Having written positively two days ago to start the year off on a high note, let me take you to the dark dungeons of my paranoid psyche. There is so much that can go wrong in professional baseball, and it does not take much imagination and worry to become a true “Debbie Downer” (defined by the Urban Dictionary as “A person with an incessant need to bring down the collective mood and general ambiance of a group-chill”).
Fueling my concerns are …
- That Buck Showalter will platoon Nolan Reimold and Nate McLouth, and neither will produce well in that scenario. The beginning of the season last year – before Reimold was eliminated by injury – we caught a glimpse of what he could do if allowed a regular presence in the daily lineup. I always believed that his prior struggles were due to not being in the regular order. It strikes me that McLouth’s recent history has been much the same. I fear that platooning will guarantee dual mediocrity.
- That Dan Duquette will trade Chris Tillman. In my view, unless there is quite a return, this would be a disaster. The guy worked hard, figured out what he needed to do to be a consistently dominant pitcher, and he is a piece that now needs and deserves to stay. After all, this is what we wanted to see from the entire crew of young, up-and-comers; we just did not expect that Tillman would be the one to figure it out first.
- That Jason Hammel will not really recover from the knee injury. Okay… by way of disclosure, I have had the same surgery and condition for the past decade. What? You don’t think that’s apples to apples? You think that since he’s 27 years younger than me he’ll heal up better? Okay, I’ll try to not be offended … but while my head says yes, my knee says no.
- That Brian Roberts will get the 2nd base job, but that we will not recognize him. Don’t get me wrong; I don’t think there is a much better person on the planet than Roberts, and it would be a great story to see him return to something like our memories recall. I am afraid that the combination of accumulated injuries, age, and time away all work against him being a better than average player. My fear is that it could begin well and end in a long and slow demise. If the Orioles could not cut the string with Kevin Gregg in his final contract year, what would it be like with Brian Roberts?
- That Manny Machado will have the sophomore slump fall upon him. I honestly do not expect this, as he did not look the least bit overwhelmed or uncomfortable out there … that his skills are simply beyond soph slumping. But, many others have fallen unexpectedly to this common phenomenon.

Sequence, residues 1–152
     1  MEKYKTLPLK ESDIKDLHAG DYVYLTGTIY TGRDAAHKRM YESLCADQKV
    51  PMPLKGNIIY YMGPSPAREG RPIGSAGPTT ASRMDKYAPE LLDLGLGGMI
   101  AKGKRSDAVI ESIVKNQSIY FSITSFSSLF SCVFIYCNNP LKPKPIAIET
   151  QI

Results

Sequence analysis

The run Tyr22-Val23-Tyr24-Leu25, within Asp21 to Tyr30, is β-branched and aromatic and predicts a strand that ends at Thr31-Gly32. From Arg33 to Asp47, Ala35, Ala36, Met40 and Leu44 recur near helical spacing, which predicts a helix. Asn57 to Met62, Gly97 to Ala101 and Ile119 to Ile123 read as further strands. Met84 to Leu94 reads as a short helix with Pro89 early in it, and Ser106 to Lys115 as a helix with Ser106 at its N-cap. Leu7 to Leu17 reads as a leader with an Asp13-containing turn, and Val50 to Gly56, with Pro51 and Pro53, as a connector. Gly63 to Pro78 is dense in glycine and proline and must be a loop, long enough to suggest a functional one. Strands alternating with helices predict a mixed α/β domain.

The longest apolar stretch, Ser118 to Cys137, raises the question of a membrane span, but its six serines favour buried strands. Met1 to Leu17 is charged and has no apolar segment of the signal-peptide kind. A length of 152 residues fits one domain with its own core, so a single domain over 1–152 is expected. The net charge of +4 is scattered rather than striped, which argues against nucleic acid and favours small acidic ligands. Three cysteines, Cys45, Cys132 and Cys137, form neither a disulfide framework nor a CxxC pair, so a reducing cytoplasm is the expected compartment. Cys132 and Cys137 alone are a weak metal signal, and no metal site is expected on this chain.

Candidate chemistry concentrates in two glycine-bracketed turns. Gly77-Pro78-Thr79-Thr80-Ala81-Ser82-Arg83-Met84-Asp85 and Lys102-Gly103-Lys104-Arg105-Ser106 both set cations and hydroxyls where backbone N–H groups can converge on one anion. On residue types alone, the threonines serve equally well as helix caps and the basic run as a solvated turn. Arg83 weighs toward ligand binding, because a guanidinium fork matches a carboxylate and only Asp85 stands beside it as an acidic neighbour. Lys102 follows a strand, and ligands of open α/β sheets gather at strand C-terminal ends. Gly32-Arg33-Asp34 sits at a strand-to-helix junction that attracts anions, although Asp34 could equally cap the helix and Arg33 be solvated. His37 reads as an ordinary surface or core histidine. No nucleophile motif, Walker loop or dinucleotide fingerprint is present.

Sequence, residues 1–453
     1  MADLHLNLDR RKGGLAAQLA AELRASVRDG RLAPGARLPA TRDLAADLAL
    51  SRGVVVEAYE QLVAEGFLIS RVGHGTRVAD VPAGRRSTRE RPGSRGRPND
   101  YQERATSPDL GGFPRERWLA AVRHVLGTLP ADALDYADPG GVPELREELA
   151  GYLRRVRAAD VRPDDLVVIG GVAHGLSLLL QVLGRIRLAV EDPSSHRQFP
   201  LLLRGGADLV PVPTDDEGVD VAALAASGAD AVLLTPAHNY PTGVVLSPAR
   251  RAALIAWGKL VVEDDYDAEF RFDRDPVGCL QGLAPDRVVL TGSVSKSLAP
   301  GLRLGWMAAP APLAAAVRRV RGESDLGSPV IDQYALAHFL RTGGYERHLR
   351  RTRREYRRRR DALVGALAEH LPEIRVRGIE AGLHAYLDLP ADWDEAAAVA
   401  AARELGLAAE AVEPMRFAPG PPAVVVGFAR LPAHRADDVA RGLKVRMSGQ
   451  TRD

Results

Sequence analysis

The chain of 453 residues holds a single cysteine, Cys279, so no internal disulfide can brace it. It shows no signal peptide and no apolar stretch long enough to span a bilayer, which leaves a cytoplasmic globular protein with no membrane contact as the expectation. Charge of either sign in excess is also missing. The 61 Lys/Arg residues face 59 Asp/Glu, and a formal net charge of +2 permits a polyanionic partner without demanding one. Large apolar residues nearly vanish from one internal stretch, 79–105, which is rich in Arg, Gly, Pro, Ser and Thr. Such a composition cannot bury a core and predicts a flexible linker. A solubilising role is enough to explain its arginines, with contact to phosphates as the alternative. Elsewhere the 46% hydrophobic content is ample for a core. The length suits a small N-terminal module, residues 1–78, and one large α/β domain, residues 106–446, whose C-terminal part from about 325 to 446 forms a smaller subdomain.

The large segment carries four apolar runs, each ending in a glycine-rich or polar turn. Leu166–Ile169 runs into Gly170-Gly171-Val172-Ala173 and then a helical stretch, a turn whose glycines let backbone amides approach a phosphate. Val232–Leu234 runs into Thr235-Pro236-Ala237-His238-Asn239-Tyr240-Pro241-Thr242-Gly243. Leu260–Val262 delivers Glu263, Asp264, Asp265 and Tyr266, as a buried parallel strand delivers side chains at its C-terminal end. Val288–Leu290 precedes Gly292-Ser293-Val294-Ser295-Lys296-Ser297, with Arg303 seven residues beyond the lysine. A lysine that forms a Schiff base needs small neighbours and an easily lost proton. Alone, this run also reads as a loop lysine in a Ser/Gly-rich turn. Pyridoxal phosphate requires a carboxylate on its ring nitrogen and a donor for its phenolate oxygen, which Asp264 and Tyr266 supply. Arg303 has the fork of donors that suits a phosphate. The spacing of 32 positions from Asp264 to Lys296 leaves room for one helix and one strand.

- That J.J. Hardy will not again hit like he did in 2011. I don’t understand the drop-off this past year. He himself, in his comments, seems baffled by it. By observation, he often seems to take the most hittable pitch in many at bats. It could be argued that if he was going to figure this out, he would have at some point in 2012. On the other hand, he simply could not be a better defensive shortstop.
- That none of the young gun starters ever really figure it out. Right here I am talking most specifically about Jake Arrieta, Zach Britton, and Brian Matusz. There is no lack of talent; they all have the stuff that, if sustained, could be very special. I’ve long asserted that, for at least two of these three, the issues are above the neck more than below the brain. Matusz looked like an entirely new person in a relief role … could he embrace this? For all three, now is the time to make it happen.
- That the unusual clubhouse atmosphere of 2012 cannot be replicated. Most of the people who made this happen last year are returning this year – especially Buck, who sets the atmosphere for it all. Yet, at the same time, roster limitations make it impossible for all the friends and pals to make it together. Some well-liked guys are not going to be part of the picture.
- That anything less than 93 wins and the playoffs will be a return to the 15-year wilderness. The fan base was slow to believe in the genuine resurgence of the 2012 Orioles. Even into August and September, fans seemed to be waiting for the inevitable “other shoe to drop.” This same tone is evident even now in abundance on various online comment boards. Orioles fans are like a long-term abused wife once the beatings have ceased. It is going to take a long time to trust again.
I suppose it could be said that I’m sounding like the proverbial negative and downer Orioles fan. To that, I’d first say that maybe you didn’t read my article from two days ago. Beyond that, I don’t actually expect all of these things to happen. I don’t even expect most of them to happen. I guess I do expect at least a couple of them to transpire.
So what do you, our readers, think about this? Our numbers show that there are a lot of you out there, though you don’t talk much. How about making it a different new year in that regard for BirdsWatcher? What do you think?
Topics: Baltimore Orioles